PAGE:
Thursday, 13 November 2014

Review: Welcome to Night Vale - live at the Shepherd's Bush O2 Empire

Welcome to Night Vale had me at ‘hello.’

Well, it really had me at the introduction to its first episode:

‘A friendly desert community where the sun is hot, the moon is beautiful and mysterious lights pass overhead while we all pretend to sleep. Welcome to Night Vale.’

Night Vale is a podcast, written and produced by Joseph Fink and Jeffrey Cranor. It’s the fictional news show of a fictional town out in the vast American desert: a town where any conspiracy theory can be true. Black helicopters circle above, earthquakes seem to show up on instruments but can’t be felt by the inhabitants, and agents from a vague-yet-menacing government agency attend press conferences but never say a word.

It’s all narrated in the deep, warm, sonorous voice of Cecil, the radio host who manages to make everything seem perfectly normal. Sentient glow clouds, women giving birth to detached hands instead of babies, houses which don’t exist (‘It seems like it exists, like it’s right there when you look at it...’), all are discussed so calmly it almost tricks you into missing the aberrations.

I love it. The laid-back, understated humour, the surrealism, the gently meandering plot lines. I have been an addict for over a year now, and I actively look forward to the 1st and 15th of every month, when a new instalment will be posted online.

So when they announced that they were planning a European tour, I had to go.

The rather aptly blood-red theatre...
When I arrived at the Shepherd’s Bush O2 Empire an hour before the show was due to begin, the queue for the unreserved seating was already wrapped around the back of the theatre. It was a chilly night, with threatening rain, and you know what? It was the nicest queue I’ve ever stood in.

The only thing I can compare it to was the energy in the air when I went to see John Green the last time he came to the UK. There was a buzz of anticipation, and underneath that, there was camaraderie. We chatted and smiled, complimented those who had come in costume, and couldn’t wait for the show to begin.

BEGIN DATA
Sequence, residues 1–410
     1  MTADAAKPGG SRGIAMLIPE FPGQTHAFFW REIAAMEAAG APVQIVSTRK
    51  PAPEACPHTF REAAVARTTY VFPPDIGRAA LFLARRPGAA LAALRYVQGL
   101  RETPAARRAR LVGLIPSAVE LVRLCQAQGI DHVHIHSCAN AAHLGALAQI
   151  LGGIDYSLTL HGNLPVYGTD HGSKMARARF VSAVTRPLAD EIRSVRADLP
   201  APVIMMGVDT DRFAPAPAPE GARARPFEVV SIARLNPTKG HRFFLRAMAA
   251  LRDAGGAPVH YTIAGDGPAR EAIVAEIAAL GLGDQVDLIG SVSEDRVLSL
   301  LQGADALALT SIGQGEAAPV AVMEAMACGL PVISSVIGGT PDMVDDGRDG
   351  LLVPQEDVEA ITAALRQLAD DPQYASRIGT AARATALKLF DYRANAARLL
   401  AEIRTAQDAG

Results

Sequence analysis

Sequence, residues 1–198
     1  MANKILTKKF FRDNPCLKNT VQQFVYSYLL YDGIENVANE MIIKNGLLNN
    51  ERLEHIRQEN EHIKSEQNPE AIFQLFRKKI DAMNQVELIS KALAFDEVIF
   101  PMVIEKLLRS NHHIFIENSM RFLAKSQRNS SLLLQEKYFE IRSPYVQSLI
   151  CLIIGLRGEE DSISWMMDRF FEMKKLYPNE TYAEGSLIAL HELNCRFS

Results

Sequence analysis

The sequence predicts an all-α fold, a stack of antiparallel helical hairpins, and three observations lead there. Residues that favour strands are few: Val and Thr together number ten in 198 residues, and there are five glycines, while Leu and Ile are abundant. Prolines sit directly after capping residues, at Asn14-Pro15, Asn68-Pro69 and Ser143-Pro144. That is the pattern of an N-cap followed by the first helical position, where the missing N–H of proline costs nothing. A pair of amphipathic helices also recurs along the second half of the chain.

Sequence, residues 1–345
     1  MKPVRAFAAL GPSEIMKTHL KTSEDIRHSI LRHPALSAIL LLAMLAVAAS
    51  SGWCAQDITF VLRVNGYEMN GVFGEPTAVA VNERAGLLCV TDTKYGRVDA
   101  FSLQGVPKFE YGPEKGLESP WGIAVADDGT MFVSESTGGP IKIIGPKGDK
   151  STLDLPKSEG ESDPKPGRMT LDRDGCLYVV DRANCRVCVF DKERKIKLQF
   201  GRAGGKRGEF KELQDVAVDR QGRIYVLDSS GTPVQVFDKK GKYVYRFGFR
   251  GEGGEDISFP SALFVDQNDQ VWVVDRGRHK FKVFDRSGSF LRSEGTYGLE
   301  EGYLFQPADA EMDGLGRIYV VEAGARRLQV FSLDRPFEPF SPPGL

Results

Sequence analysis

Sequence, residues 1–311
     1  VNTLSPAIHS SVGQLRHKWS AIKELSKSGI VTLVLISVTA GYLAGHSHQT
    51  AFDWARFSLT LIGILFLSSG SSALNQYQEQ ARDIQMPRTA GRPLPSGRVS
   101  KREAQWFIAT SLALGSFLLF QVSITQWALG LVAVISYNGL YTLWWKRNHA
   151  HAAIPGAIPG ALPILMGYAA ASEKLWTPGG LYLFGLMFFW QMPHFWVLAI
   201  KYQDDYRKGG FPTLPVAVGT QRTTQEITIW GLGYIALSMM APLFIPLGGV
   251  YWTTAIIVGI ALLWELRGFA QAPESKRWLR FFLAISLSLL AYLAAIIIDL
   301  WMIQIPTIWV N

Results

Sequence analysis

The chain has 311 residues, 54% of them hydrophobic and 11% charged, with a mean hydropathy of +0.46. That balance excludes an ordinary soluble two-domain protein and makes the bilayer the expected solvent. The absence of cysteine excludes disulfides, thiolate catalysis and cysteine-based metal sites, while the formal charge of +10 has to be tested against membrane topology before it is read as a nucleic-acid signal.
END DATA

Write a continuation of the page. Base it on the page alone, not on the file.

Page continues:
Purple and black was the theme. Some people had come in Night Vale shirts or hoodies, some in lab coats – two ladies I sat next to were dressed as librarians, blood on their mouths and gore-stained copies of Helen Hunt’s biography (one of the few biographies stocked by the Night Vale Public Library) in their hands. Everywhere I looked, the show’s purple-eyed logo blinked out at me, printed on clothing or drawn on people’s foreheads. Most of the audience were in their 20s and 30s, but there were a few families and older groups as well. We’re a mixed bunch, us Night Vale fans.

The show was The Librarian, an episode written for live performance – it’ll be recorded and sold early next year. I hadn’t been entirely sure of what to expect: how could one person and a few guests standing on a stage talking be that interesting?

Cecil Baldwin. Photo: Liezl Espitona.
I had reckoned without the formidable skills of actor Cecil Baldwin, who plays the narrator of the same name. At first dwarfed by the big stage, he drew us in with the skill of a born storyteller, and kept us spellbound for an hour. There were a few visitors, including both writers making appearances as a ghostly presence and an intern, but mostly it was just Cecil – and it worked perfectly.

Often when comedies do live shows, the temptation is to wheel everything out at expense of coherency. Every character needs an appearance or a name-check, which is fun but exhausting. Here, the writers struck the perfect balance: The Librarian managed to get in a few in-jokes (horoscopes, the community calendar, a mention of Steve Carlsberg), but was admirably restrained, focussing on the main issue of an escaped librarian.

From the sarcastic and funny opening spiel from ‘proverb girl’ Meg Bashwiner (‘We all like to use our phones. I use mine to call my mom. Please don’t do that during the show – call my mom, I mean. She would be very confused.’) to the weather by musician Mary Epworth and the brief moments of audience participation, The Librarian was a brilliant experience.

If you get the chance to see these guys live, do it without hesitation. If you don’t…well, you can still listen to the show. Go on. Go and listen to it. Just the pilot. You can do it here.

Agree? Disagree? Want to gush at another Night Vale fan? Leave a comment!

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